Cubby Cabinet Barn wood papered back

I couldn't find metal label holders narrow enough to put under each cubby so I improvised. Using a plastic geometry template as a stencil and black chalkboard paint, I painted faux back plates. With a silver paint pen, I painted the numbers freehand (should have used a stencil to make them look more authentic - live and learn).

Cubby Cabinet Stenciled Faux Metal Tags

Cubby Cabinet with faux barn wood back

Cubby Organizer with faux painted metal tags

Then came the fun part, filling it with my dollar store Valentine's finds.

Cubby Organizer decorated for Valentine's Day

The garland I made with baker's twine that I had in my stash, some cute mini clothespins and pretty fabric hearts found in the craft aisle.

Cubby Organizer with fabric heart garland

The adorable 4-pack mini mason jars came with the gingham ribbon and I filled three of them with assorted heart candies, which of course were taunting and calling my name. I caved a few nights after taking these photos and went on a candy binge.

Cubby Organizer decorated with I Heart U Cookie Cutters

The cookie cutters were too cute and I simply hung a felt heart with baker's twine for a pop of red inside the heart shape cookie cutter.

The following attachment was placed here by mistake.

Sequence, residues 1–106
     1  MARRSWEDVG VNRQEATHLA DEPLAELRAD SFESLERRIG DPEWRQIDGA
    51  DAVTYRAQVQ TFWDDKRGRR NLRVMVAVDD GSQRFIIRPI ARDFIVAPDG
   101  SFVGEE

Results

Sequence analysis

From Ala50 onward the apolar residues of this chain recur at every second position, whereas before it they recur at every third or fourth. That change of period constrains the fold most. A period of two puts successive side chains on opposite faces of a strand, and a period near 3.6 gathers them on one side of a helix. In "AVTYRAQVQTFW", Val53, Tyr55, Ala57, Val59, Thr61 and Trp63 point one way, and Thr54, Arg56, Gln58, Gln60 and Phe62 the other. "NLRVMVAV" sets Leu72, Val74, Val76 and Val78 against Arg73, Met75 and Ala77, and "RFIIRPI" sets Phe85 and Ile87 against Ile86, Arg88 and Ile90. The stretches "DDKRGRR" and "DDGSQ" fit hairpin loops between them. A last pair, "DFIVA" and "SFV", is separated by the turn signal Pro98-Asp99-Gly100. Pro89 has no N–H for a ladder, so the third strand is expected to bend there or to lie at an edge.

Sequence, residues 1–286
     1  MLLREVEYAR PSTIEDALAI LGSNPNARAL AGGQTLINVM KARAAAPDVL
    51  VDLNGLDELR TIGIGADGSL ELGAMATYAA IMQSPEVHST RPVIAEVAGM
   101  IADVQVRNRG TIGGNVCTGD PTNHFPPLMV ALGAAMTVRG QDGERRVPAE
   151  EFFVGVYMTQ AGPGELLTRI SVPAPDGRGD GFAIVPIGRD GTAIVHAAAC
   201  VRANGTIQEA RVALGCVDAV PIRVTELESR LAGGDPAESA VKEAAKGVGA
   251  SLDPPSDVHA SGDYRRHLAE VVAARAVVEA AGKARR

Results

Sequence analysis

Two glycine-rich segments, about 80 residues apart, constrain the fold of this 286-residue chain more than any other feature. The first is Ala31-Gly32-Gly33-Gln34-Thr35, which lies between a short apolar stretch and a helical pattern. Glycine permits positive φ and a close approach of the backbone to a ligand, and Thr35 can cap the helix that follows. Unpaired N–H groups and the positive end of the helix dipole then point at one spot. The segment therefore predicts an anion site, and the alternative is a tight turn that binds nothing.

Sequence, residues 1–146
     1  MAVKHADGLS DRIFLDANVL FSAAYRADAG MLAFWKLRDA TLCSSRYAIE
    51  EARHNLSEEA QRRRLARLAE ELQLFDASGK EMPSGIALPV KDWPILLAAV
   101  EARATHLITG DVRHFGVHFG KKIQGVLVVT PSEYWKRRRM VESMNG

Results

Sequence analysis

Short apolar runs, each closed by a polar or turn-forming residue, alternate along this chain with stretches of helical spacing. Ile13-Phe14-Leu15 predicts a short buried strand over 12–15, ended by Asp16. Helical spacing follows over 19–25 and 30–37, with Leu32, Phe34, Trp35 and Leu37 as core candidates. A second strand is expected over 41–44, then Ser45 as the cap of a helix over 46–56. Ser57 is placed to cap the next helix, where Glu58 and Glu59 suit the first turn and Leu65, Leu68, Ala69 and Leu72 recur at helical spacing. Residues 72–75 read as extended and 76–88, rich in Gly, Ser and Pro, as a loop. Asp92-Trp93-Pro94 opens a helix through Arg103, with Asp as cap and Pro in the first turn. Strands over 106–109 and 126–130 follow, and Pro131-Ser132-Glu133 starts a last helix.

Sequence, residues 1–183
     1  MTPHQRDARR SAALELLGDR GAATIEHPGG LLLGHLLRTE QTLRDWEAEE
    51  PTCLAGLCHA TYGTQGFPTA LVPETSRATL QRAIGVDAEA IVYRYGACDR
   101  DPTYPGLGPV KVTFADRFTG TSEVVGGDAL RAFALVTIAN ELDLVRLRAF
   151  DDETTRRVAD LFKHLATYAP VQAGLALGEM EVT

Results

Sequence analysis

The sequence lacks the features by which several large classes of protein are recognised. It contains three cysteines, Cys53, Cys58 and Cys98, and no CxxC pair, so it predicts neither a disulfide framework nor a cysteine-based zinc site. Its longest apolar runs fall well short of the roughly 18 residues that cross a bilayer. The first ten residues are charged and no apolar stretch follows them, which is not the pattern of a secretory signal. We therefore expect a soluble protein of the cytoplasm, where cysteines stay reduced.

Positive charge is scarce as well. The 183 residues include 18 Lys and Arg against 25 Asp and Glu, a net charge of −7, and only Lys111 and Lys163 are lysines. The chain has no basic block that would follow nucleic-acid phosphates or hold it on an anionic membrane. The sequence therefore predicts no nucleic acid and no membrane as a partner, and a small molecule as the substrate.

Cubby Organizer with heart shaped cookie cutter

Cubby Organizer with letter U cookie cutter

The shot glasses I found in the back of my china cabinet and used them as mini vases for red roses.

Cubby Organizer with shot glass and fabric rose

Ya, they're fake.

Cubby Organizer with mini shot glass vase with red rose

I couldn't resist this adorable little bear holding a heart.

Cubby Organizer with mini Valentine's Bear

Or this Valentine's votive candleholder.

Cubby Organizer with glass heart votive candle

...and Valentine's Day wouldn't be complete without a BIG Kiss.

Cubby Organizer with a Big Kiss for Valentine's Day

12 Slot Wooden Cubby Organizer Makeover
So what would you use this Vintage Cubby for? 

When I did some research online I was shocked at how much these vintage cubbies sell for. Then I did the happy dance when I realized the sweet deal we got on ours.

You will find this project linked to these fabulous LINK PARTIES.

Featured at Huffington Post

Read More

The Armchair Makeover From Hell

I'm so excited about today's post because it's the first edition of Themed Furniture Makeover Day for 2016 and this month's theme is Shades of White. A very fitting theme considering the project I'm sharing, a.k.a. The Armchair Makeover From Hell had me in shades of white.


...and black and blue.

Doesn't it look so sweet and innocent sitting in front of the ethereal light coming from our living room window? Perhaps I jinxed it when I told Mr. Frugalista how it was going to be such a quick and easy makeover.

Armchair Makeover After

Pictured below is how it used to look. We've had this chair for a few years and I remember the day I bought it like it was yesterday. A colleague and I were shopping for a client's home that we were staging to put on the real estate market and we both fell in love with the chair, wanting it for our own homes. I was thrilled when it landed in the back of my vehicle.